Older, conventional synthetic DMARDS such as Rheumatrex (methotrexate), Azulfidine (sulfasalazine), and Plaquenil (hydroxychloroquine) have been used to treat RA for decades. Also referred to as synthetic DMARDs, some studies have shown that they may help protect the heart. Methotrexate in particular was shown to decrease the risk of heart failure by approximately 25 percent.
Biologic medications are derived from living cells or tissues. Actemra (tocilizumab), Humira (adalimumab), Enbrel (etanercept), Orencia (abatacept), and Remicade (infliximab) are biologic DMARDs that are commonly prescribed for RA and can be beneficial against heart disease.
One comparative review of studies on the risk of heart problems and RA found that Actemra was associated with a lower risk of major adverse cardiovascular events, while synthetic DMARDs raised the risk. Yet another study found that Orencia was associated with a lower risk for heart attacks compared to biologics that target tumor necrosis factor (TNF), a substance associated with inflammation.
Statins, a class of drugs used to lower cholesterol, have been studied to evaluate the potential to reduce the risk for cardiovascular complications in RA. One study involving 3,002 people found that the statin Lipitor (atorvastatin) could safely and significantly lower cholesterol in people with RA.
Lifestyle changes can also decrease the risk of cardiovascular disease among people with RA. “The American Heart Association and the American College of Cardiology recommend, first and foremost, lifestyle changes,” said Dr. Navarro-Millán.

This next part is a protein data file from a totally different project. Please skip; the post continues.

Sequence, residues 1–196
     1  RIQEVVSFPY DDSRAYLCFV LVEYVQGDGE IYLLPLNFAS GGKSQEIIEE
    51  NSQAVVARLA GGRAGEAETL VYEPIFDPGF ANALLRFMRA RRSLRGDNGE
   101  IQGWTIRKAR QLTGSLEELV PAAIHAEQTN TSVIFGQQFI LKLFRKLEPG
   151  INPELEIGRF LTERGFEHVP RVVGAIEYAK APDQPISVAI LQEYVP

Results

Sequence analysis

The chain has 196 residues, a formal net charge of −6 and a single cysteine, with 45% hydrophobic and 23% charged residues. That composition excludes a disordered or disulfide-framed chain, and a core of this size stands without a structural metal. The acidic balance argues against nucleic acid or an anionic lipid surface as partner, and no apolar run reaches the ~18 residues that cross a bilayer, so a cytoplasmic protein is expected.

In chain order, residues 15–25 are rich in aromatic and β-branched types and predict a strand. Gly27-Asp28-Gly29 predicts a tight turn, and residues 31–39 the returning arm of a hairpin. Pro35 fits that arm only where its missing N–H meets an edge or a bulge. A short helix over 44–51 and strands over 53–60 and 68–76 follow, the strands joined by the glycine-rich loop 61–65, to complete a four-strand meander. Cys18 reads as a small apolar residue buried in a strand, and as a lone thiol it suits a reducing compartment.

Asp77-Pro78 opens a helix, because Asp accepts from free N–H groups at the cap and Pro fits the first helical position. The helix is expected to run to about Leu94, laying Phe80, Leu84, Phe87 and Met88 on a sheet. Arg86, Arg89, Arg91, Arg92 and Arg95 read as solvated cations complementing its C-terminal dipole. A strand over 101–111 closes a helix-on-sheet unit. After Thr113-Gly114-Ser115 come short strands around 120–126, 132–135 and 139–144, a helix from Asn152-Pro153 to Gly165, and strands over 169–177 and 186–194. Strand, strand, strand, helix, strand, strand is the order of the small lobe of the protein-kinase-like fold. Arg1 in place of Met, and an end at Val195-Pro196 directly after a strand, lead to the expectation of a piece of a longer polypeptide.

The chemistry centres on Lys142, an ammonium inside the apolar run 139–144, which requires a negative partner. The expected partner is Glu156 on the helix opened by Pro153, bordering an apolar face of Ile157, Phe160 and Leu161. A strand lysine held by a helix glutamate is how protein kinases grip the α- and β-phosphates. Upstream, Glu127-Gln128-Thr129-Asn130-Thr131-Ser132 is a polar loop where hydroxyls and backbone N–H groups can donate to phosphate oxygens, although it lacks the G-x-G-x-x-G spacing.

Quitting smoking is essential, not only to reduce the risk of heart disease, but also to reduce disease activity in RA, Dr. Navarro-Millán said. “Patients with RA who smoke tend to have more aggressive RA, and their disease is more resistant to our current therapies. So quitting smoking is a win-win, because you can achieve better control of your RA and lower the risk for cardiovascular disease,” she said.
Dr. Navarro-Millán also recommends consuming a healthy diet low in fried foods, processed foods, refined sugar, and red meat. Fresh produce and foods with good fats, such as fatty fish like salmon, olive oil, and avocados are good for people with RA.
Physical activity is also important, she said. It not only helps the heart, but can also aid people with RA in losing weight, which is another risk factor for heart disease. Because people with RA have pain and mobility issues, Dr. Navarro-Millán recommends asking your rheumatologist for a referral for physical therapy. “Getting a good evaluation by a physical therapist who can give you a series of exercises that you can do at home is something that can help,” she said. “There are a few studies that have shown that with an adequate program, with some resistance exercises, many patients with rheumatoid arthritis do not experience flares.”
On myRAteam, you’ll find a community of almost 143,000 people who have RA. These members come together to ask questions, give advice, and share their stories with other people who understand life with rheumatoid arthritis.
What is your experience with heart disease and RA? How are you coping with managing your condition? Share your perspectives in the comments below, or go to myRAteam and start a conversation.